The Weathers Station’s last appearance in Ireland was as a two-piece performing at The Kilkenny Roots Festival in 2016. This time around Canadian singer songwriter Tamara Lindeman is accompanied by a full band and delivers a very short but hugely impressive set with material drawn in the main from her current self-titled album and it’s predecessor Loyalty released in 2015. Will Kidman on guitar and keyboards, Ben Whitely on bass and drummer Ian Kehoe provide the perfect rhythm section to compliment Lindeman’s distinctive semi spoken vocal delivery.
Having had to cancel a show earlier in the tour due to laryngitis the Dublin show had been in some doubt but fortunately Lindeman’s vocals and determination won out ("the ferry was so expensive there was no way we were turning back!"). In fact, her vocals were stunning throughout even if it was obvious she was struggling during her occasional chats between numbers.
Referring to her first visit to Dublin playing support some years ago, she jokingly recalls attempting to navigate to the venue (most probably The Workman’s Club) with the assistance of her tiny Google Maps mobile phone screen, unfortunately driving on the opposite side of the quays to the venue "it possibly took me three hours to arrive at the venue due to the traffic restrictions and congestion!"
She eases her way into the set with Personal Eclipse and Way It Is Way It Could Be from Loyalty before raising the tempo with Free, the excellent You and I (on The Other Side of The World) and the uncompromising Kept It All To Myself, all three from her current album. Her songwriting has always avoided the conventional verse and chorus structure, instead offering short stories put to music, delivered with a vocal refinement that is gentle yet displaying quite a powerful edge. Her latest album suggests an artist growing in confidence as her career develops as is equally evidenced by her live performance this evening. Reinforcing this point, later in the set Lindeman comments that she used to write ‘quiet’ songs up to a few years ago ‘which just isn’t right now there’s so much going on’ before she and the band pump up the volume to deliver at full throttle Floodplain and the highlight of the evening Thirty, their last two songs before leaving the stage. An encore of Tapes finishes a set that lasts only fifty minutes but quite understandable given the circumstances.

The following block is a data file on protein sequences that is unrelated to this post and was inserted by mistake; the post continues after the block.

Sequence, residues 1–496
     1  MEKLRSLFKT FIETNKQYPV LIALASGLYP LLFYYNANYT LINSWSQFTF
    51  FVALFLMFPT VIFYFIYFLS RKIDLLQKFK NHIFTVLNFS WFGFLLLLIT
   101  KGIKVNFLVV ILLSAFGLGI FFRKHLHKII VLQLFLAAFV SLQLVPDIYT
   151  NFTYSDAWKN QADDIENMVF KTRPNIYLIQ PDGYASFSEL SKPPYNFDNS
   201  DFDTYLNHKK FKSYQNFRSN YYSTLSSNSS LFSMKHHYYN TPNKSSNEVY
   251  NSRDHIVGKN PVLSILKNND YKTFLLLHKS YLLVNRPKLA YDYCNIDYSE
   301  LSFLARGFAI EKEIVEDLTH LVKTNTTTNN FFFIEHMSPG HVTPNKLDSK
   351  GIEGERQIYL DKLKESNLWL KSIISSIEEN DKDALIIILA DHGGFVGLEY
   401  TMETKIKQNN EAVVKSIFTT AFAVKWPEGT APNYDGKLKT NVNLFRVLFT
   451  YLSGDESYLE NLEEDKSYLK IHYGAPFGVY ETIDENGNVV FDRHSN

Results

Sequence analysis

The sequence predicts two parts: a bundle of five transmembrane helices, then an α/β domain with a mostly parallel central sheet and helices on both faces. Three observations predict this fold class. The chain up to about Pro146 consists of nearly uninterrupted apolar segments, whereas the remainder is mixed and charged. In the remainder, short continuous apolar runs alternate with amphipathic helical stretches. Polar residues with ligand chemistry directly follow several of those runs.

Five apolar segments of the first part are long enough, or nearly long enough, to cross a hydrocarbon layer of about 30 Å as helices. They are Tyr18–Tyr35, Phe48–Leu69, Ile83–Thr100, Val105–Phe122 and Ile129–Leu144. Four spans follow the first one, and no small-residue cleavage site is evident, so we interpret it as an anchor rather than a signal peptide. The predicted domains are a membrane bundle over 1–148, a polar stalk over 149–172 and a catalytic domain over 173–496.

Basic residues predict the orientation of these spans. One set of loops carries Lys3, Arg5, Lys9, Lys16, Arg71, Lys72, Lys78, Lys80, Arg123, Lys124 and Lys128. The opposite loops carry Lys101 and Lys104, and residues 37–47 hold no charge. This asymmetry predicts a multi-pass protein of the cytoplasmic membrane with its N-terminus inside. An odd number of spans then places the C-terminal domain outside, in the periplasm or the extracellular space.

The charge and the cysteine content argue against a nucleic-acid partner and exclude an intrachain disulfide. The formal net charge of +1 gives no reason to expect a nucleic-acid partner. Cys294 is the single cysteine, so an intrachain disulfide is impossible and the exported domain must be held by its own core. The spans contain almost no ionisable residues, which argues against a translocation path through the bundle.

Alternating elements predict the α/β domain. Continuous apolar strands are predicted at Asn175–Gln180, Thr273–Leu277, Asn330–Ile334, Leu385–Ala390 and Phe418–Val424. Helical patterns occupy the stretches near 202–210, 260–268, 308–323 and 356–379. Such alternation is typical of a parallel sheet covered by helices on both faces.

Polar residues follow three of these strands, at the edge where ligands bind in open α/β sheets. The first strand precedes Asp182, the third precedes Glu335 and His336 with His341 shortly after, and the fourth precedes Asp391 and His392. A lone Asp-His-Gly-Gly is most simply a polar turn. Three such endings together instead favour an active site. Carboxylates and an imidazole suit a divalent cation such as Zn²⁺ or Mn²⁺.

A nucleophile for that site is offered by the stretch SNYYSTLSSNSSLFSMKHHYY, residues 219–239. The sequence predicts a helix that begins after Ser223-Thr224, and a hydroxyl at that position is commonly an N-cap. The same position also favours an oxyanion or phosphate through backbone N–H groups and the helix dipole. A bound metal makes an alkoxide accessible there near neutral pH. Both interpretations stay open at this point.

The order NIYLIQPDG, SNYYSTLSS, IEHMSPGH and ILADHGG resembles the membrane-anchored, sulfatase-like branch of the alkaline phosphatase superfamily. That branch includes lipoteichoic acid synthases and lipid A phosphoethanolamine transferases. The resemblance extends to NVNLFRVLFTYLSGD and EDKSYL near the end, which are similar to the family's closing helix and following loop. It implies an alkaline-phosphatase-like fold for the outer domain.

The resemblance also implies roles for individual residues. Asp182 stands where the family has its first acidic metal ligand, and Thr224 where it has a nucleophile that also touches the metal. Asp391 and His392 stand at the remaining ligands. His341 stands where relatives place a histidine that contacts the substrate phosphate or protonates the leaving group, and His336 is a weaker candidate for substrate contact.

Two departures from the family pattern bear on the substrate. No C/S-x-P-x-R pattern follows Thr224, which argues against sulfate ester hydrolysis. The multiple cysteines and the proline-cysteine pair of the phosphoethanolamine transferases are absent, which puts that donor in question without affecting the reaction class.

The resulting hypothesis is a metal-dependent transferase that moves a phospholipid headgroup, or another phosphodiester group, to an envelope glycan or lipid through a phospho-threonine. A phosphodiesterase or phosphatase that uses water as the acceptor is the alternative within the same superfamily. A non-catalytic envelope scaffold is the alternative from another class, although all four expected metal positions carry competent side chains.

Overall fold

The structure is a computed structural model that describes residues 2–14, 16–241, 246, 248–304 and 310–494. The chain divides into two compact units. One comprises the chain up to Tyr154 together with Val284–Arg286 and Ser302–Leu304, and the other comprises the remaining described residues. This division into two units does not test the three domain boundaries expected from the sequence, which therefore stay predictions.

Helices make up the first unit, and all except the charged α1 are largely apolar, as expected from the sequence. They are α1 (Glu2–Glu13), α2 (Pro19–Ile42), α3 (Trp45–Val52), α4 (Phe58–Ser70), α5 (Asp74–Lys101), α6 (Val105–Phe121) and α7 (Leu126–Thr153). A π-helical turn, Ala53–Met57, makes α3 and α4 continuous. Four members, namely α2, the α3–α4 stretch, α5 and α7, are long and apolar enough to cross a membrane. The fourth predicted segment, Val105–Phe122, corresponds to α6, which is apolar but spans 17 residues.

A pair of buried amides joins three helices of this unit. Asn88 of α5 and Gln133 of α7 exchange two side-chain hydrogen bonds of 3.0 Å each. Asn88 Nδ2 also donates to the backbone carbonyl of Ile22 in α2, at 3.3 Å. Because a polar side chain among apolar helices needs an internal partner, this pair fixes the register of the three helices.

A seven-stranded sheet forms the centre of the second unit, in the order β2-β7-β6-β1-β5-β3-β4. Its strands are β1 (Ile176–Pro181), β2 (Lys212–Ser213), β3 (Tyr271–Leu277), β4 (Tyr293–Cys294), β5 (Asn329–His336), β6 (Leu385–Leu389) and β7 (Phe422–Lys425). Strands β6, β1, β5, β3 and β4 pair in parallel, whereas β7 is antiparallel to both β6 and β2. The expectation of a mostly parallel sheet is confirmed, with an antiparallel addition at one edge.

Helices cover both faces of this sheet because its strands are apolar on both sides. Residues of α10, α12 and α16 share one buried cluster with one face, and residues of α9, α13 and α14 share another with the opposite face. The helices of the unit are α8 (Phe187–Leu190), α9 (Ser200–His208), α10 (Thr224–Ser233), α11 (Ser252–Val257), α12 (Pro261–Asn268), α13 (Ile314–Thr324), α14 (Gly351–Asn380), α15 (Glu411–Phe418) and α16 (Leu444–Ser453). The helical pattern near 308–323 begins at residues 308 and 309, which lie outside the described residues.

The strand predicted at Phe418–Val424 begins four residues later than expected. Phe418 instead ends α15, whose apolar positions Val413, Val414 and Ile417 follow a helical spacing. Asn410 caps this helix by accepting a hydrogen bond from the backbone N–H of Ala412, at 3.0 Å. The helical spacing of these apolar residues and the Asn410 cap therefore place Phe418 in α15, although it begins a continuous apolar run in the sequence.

Also performed were Don’t Know What To Say (after a few false starts), I Mined, Complicit and Floodplain by an artist with the ability to write candid, personal and dynamic conversational pieces and to execute them with corresponding brilliance.
Ena Brennan’s solo project Dowry performed the opening earlier in the evening. The multi-instrumentalist’s set included a stunning loop pedal assisted violin intro together with some equally experimental and impressive vocal and guitar looped pieces.
Review and photograph by Declan Culliton